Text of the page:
Finally, and this is vital aspect from the point of view of the imperialist powers, the political forces which are represented in the new government all share the same reactionary outlook. A westernised businessman like Chalabi, a nationalist warlord like Talabani or an advocate of the sharia, like Bayan Jabr, share the same contempt for, and fear of, the exploited masses. This could make them reliable intermediaries for imperialism in its plunder of Iraq's resources.
An unstable regime
But this is assuming that the new regime has enough cohesion to bring to an end the mixture of political terrorism and gangsterism which has been taking such a high toll on the population over the past two years and, at the same time, has made it impossible for imperialist companies to operate freely in Iraq or even to tap its oil reserves in significant quantity.
The process leading to the formation of the new government has already highlighted the fractious nature of the regime. But this is only the tip of the iceberg. The rival factions, which are competing for positions in Bagdad, as well as in the various provincial councils, which were also elected on 30 January, do not confine their rivalries to the institutions of the new regime. Despite the fact that, on paper, all armed groups have been officially banned or integrated in the regular army by the occupation authorities, most of these factions still have their own armed militias, sometimes with the tacit agreement of Western commanders.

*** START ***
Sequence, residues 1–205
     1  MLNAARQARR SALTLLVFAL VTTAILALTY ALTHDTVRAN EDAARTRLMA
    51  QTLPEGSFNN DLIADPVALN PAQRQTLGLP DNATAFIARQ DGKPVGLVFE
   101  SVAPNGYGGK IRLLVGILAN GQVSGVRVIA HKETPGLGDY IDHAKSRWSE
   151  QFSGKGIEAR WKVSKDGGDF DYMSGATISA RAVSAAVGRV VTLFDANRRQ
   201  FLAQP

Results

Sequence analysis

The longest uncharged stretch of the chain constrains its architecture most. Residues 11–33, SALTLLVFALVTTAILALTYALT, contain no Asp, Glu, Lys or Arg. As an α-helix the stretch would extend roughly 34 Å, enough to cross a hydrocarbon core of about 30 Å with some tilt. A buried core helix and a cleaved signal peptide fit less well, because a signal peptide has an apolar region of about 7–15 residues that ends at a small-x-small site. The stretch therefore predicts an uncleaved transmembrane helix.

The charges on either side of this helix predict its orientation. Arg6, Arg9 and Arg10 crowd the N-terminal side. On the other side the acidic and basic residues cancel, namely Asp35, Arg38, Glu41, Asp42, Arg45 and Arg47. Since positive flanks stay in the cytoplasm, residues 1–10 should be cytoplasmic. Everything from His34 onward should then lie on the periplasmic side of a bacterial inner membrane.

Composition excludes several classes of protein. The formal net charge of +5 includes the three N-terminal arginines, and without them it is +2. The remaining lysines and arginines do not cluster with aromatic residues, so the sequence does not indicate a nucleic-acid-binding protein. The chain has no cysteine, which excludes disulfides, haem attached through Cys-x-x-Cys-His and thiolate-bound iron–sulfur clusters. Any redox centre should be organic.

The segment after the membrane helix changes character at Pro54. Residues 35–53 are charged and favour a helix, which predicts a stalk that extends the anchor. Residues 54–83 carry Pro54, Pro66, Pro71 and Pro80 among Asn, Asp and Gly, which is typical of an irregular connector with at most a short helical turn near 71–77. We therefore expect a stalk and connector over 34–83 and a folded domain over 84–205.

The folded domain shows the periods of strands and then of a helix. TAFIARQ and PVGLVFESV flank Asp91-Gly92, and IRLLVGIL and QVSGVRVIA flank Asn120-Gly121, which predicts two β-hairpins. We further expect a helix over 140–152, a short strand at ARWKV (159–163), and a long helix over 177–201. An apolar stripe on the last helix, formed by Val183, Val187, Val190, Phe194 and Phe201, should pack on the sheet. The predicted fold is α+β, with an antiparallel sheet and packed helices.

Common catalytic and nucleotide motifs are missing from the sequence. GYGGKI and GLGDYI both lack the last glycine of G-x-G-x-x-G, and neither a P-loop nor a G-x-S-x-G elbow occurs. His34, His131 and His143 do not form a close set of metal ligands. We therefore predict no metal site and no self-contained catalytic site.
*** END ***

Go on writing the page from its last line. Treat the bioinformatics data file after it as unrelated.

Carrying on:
For instance, the "peshmergas", the Kurdish militias of the PUK and KDP, have been integrated into the Iraqi army, but in separate units, with their chain of command. They now constitute the core of the Iraqi army in the Kurdish areas. But they have been used extensively by US generals - first in the attack against Fallujah, and then in the crushing of Sunni insurgency in Mosul when the local police and Iraqi National Guards failed to confront it. Not only is this a recipe for creating a wall of blood between the Kurdish and Sunni populations, but nothing will prevent the PUK and KDP from using their former militias at some point, if they choose to do so, in order to advance their specific agendas at the expense of other sections of the population or other political forces.